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CRTC marks the start of Text with 9-1-1 services for hearing or speech impaired persons
March 18, 2014 – Ottawa-Gatineau – Canadian Radio-television and Telecommunications Commission (CRTC)
The Canadian Radio-television and Telecommunications Commission (CRTC) is announcing that as of today the 9-1-1 call centre that serves the Metro Vancouver and select surrounding areas of British Columbia will be able to communicate with hearing or speech impaired Canadians using text messages.
Hearing or speech impaired persons in these areas must register with their wireless service provider to access this service. E-Comm 9-1-1, the emergency call centre that serves Metro Vancouver and select surrounding areas is the first emergency call centre in Canada to provide Text with 9-1-1. The CRTC also announces that the City of Calgary is expected to make the Text with 9-1-1 service available to hearing or speech impaired persons as of March 24, 2014 in its region.
It is important to note that the Text with 9-1-1 service will become available in other parts of the country as regional emergency call centres implement this new feature. For more information and to register, Canadians are encouraged to visit www.textwith911.ca where they can find direct links for the service with their wireless service provider.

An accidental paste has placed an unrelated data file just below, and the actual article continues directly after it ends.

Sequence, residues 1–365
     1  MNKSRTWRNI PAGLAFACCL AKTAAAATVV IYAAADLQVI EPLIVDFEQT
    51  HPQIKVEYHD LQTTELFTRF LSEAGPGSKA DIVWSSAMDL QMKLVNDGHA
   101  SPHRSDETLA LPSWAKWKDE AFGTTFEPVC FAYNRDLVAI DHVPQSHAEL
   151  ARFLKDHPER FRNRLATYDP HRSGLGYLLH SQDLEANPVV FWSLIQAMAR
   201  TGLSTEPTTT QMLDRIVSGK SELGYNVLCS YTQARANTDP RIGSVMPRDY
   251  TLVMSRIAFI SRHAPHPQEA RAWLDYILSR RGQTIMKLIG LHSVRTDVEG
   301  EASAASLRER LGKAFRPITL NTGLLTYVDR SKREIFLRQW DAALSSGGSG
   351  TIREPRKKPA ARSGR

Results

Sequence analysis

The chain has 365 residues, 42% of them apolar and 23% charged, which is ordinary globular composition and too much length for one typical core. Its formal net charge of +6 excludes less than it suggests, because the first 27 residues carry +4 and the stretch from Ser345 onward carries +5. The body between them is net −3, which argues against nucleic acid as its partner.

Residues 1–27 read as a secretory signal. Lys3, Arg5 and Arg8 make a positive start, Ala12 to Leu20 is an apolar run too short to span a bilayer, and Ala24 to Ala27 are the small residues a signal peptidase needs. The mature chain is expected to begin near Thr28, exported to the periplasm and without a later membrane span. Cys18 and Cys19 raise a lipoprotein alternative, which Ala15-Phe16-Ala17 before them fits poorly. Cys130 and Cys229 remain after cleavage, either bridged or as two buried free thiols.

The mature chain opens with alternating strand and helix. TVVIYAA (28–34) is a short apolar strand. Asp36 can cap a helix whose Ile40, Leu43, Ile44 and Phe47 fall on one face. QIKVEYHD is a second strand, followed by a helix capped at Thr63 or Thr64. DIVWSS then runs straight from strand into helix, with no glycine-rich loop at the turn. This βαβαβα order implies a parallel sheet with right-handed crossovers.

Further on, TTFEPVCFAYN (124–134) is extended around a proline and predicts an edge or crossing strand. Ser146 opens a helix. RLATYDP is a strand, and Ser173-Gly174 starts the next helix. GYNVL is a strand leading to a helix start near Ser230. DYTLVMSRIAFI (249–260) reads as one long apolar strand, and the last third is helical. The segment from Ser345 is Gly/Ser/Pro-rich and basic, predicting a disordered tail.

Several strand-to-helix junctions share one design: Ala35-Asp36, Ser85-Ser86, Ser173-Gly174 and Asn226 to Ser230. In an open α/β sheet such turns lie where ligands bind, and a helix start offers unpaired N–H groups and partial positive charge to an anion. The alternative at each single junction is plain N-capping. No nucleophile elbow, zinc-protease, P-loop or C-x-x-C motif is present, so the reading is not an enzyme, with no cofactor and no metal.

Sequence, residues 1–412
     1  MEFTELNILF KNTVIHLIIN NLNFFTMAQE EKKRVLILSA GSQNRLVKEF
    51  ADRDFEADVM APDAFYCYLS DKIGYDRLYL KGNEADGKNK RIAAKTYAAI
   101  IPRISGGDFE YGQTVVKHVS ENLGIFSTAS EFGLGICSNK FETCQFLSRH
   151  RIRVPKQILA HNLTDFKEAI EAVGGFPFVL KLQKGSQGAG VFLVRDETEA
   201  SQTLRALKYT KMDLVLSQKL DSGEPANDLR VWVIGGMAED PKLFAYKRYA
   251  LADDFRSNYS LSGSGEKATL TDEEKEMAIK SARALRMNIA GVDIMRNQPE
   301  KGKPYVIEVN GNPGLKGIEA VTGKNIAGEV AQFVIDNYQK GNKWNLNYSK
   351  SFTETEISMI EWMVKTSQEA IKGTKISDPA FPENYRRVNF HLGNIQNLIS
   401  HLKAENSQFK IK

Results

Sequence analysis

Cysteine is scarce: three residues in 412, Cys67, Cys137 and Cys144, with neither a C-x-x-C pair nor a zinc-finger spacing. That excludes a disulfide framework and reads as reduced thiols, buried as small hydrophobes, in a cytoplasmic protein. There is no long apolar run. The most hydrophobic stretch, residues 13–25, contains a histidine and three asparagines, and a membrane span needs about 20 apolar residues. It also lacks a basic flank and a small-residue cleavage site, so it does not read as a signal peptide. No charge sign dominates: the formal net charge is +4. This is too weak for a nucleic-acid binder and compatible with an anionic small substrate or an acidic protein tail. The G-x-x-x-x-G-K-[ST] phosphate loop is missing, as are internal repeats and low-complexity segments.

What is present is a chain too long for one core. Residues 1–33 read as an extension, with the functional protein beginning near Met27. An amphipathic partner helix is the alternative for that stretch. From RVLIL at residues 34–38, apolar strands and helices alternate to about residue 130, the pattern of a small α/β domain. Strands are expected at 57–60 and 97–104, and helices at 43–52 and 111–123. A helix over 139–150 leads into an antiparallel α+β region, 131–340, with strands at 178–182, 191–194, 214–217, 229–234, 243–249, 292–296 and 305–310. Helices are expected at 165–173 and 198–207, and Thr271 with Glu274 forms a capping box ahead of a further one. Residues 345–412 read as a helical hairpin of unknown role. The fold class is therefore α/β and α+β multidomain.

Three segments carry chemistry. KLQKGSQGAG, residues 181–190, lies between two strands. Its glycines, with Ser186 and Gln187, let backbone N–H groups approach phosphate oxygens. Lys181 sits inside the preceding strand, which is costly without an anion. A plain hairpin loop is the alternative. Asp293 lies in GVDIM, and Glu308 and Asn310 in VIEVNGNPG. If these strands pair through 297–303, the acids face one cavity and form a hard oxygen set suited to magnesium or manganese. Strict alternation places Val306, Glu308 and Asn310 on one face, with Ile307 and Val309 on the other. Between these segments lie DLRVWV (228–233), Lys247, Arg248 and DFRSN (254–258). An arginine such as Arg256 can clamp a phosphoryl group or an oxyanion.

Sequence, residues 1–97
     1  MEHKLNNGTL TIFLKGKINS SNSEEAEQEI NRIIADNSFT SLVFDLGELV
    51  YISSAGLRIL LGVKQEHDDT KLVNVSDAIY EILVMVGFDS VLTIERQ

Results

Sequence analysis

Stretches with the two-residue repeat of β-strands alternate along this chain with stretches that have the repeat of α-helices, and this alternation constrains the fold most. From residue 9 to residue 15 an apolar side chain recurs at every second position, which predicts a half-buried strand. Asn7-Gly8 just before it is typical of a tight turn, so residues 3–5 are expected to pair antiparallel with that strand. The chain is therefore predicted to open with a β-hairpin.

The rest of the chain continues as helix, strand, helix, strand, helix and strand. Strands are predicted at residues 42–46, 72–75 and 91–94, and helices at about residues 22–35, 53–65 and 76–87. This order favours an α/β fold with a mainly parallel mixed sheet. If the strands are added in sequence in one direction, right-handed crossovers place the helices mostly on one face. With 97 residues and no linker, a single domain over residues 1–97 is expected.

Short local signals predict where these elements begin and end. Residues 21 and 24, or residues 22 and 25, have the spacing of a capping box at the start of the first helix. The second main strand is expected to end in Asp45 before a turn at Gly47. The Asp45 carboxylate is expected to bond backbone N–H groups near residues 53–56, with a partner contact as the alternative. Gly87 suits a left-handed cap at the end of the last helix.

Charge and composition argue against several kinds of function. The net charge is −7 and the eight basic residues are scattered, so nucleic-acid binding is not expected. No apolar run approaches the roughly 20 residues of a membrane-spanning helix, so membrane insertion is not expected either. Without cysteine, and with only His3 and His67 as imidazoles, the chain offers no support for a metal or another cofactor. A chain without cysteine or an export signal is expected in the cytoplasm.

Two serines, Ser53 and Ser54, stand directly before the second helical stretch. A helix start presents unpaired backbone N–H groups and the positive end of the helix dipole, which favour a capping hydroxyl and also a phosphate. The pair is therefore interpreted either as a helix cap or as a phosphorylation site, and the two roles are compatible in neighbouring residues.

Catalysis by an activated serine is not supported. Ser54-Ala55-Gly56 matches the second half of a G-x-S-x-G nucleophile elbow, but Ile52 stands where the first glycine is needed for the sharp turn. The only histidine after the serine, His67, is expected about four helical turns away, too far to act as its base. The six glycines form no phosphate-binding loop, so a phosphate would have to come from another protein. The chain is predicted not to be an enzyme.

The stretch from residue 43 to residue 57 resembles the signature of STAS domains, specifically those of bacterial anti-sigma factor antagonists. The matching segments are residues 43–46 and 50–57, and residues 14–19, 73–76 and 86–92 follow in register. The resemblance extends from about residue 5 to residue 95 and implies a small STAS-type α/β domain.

- As directed by the CRTC in January 2013, wireless carriers and telephone companies were required to make changes to their networks in order to support the provision of Text with 9-1-1 service by January 24, 2014. These companies are ready to support this service across the country where 9-1-1 service is available.
- Text with 9-1-1 service is now available to people who are hearing or speech impaired in Metro Vancouver and select surrounding area. This service enables call centre operators to communicate with registered users using text messages.
- In the event of an emergency, registered users must first dial 9-1-1 from their cell phone. The emergency call centre will automatically receive a notification to initiate a conversation by text message.
- Voice calling remains the only way to access 9-1-1 services for people who are not hearing or speech impaired.
- Text with 9-1-1 is not available to the general public at this time. Text messages sent to “911” do not reach emergency services.
- Emergency call centres are operated by municipal, provincial and territorial governments.
“The availability of Text with 9-1-1 represents a significant advancement in emergency communications and will improve the safety of those who are hearing or speech impaired. The CRTC congratulates E-Comm 9-1-1 as well as the City of Calgary’s emergency call centre for moving so quickly in making the changes required to support this service. We now call upon all emergency call centres across the country to work with their respective governments and expeditiously offer this important service in their areas.”
Jean-Pierre Blais, Chairman of CRTC
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